Easier access to resources and expertise
Contextual, real-time communications through integration with voice, IM, conferencing and video.
Time and resource savings that drive better utilization of existing systems
Social networking with less risk though rules-based policy management
Simplified content management
More effective information discovery
This week at Enterprise 2.0 in Boston, Cisco makes some announcements around our social collaboration strategy and the extension of our market leading Cisco WebEx cloud, which I describe in detail in this video blog. Read More »
Being at Cisco Live was a very different experience for me this year. Previous years I spent most of my time in the Intelligent Automation booth discussing functionality in the areas of service catalogs, portals, and orchestration workflows. It was mostly a technical conversation of how to build private cloud catalogs and how to provision infrastructure. This year my Cisco Live experience started off in talking to about 80 partners at the Cisco Connected Architecture Forum Summit; a very interesting crowd. It was here that I talked about what Cisco IT and our Intelligent Automation Solutions Business Unit experience was in deploying private clouds for end users. I discussed Cisco’s private cloud CITEIS, and our new product release Intelligent Automation for Cloud Starter Edition. I discussed Physical and Virtual Clouds and there was much interest in the concept of a services portal and automation construct for both Physical and Virtual clouds, something that is enabled very elegantly with the UCS Manager API. Partners asked great questions: How quickly can they deploy this starter cloud? How do customers chart out their journey to the cloud? Where do they start and what do they do first? Great conversations ensued…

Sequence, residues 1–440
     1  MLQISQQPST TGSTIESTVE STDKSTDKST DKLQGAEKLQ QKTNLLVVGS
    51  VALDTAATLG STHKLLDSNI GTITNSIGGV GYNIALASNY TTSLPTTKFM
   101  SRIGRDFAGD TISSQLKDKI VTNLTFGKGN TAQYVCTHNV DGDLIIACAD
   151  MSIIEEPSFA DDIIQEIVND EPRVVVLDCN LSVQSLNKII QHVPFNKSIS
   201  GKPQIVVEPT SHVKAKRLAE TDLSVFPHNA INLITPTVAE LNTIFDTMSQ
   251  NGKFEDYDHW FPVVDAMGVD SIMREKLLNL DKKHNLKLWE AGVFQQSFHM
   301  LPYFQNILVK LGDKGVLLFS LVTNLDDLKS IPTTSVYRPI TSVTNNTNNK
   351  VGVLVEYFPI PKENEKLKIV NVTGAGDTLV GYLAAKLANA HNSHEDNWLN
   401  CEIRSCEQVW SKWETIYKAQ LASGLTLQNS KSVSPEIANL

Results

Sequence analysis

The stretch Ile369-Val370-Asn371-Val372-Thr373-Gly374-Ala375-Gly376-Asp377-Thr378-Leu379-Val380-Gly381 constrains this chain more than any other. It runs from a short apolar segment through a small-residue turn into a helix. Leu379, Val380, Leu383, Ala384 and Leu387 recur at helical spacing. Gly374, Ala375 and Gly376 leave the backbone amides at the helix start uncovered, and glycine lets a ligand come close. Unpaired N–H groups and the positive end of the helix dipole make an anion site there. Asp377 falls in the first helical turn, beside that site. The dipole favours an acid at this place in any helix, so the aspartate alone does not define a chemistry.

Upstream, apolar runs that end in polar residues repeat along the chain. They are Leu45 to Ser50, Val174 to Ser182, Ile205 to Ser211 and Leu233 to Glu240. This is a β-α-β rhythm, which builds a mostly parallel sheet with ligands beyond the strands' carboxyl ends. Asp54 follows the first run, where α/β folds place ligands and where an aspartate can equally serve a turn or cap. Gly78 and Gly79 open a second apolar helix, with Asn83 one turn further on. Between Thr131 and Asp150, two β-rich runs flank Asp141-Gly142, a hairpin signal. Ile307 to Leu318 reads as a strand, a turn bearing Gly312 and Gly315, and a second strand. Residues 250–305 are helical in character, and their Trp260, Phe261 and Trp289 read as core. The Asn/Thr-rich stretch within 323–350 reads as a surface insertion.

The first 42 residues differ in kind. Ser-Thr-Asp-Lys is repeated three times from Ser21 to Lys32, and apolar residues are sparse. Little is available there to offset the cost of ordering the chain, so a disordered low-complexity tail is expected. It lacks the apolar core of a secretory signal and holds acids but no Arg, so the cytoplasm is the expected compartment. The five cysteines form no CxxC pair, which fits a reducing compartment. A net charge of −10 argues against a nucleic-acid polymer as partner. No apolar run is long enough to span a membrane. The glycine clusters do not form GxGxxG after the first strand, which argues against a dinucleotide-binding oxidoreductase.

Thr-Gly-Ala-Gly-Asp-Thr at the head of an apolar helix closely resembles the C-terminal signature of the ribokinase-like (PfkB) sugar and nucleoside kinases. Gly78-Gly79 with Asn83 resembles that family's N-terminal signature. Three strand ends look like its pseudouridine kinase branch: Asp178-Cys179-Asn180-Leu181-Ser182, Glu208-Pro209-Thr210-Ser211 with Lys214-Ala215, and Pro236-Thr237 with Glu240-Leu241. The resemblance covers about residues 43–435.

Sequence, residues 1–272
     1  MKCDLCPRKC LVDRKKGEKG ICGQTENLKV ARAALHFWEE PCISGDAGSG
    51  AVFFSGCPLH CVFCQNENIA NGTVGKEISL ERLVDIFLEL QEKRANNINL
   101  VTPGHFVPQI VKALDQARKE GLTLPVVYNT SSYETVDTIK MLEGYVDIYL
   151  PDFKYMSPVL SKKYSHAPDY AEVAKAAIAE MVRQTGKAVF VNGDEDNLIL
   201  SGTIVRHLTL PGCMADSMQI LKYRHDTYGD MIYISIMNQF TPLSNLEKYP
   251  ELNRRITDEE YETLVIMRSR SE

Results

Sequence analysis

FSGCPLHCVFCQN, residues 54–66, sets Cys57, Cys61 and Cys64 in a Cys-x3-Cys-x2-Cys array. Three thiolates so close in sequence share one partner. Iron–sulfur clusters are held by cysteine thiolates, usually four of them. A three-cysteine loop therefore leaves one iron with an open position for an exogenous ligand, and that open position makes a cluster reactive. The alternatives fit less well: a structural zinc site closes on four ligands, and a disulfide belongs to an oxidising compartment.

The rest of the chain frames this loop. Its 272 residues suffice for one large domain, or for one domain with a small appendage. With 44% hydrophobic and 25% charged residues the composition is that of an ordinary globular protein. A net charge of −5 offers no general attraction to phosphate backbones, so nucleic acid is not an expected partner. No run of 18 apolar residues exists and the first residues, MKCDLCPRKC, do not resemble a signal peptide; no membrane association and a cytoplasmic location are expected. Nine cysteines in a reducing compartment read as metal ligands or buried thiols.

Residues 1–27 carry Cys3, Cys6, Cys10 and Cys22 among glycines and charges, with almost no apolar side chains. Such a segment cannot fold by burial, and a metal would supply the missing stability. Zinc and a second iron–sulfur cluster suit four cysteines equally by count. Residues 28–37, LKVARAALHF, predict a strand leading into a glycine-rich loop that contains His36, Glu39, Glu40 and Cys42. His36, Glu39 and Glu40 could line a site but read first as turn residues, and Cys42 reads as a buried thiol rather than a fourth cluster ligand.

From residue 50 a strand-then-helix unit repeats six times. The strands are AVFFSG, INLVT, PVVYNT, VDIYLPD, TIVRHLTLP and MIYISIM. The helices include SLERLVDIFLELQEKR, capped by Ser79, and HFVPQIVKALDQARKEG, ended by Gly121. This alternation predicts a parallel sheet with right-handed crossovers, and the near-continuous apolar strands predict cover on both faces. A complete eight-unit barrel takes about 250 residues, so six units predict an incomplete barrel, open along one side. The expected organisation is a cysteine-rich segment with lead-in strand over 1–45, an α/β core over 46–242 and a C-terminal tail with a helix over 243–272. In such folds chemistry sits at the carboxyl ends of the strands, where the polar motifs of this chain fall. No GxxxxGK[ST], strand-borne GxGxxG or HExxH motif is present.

Service Delivery Partners are a key strategy for the deployment of Cisco Cloud software stack. Watch the following interview with Sydney Morgan of Cisco IT and Dave Kinsman from World Wide Technologies, a partner of ours in this area as we talk about the Journey to Cloud and our experiences on the deployment side.
I spent the rest of Cisco Live talking to some great IT organizations about their cloud plans and journey that they are on. Some interesting examples are:
Financial Services: This customer of ours was focused on the deployment of cloud and the changes to the organization as they were coming off of Mainframe centric workloads, deploying them to x86 architectures on UCS. How the application developers would use the newly minted cloud was top of mind.
Service Provider: Many Cloud Service Providers are right at the intersection of business and technology: what service offers can I offer out of the chute to differentiate my company? Discussions around how our IA for Cloud technology stack and pre-built services and automation can make that easier. We also discussed the need and desire to train up their staff to become service designers and workflow authors.
Manufacturer: This customer is focused on operational efficiency and how automation software can reduce the mundane and routine tasks in operations. Replication of system configuration in a standardized way allows their deep application support teams to focus on differentiating their business.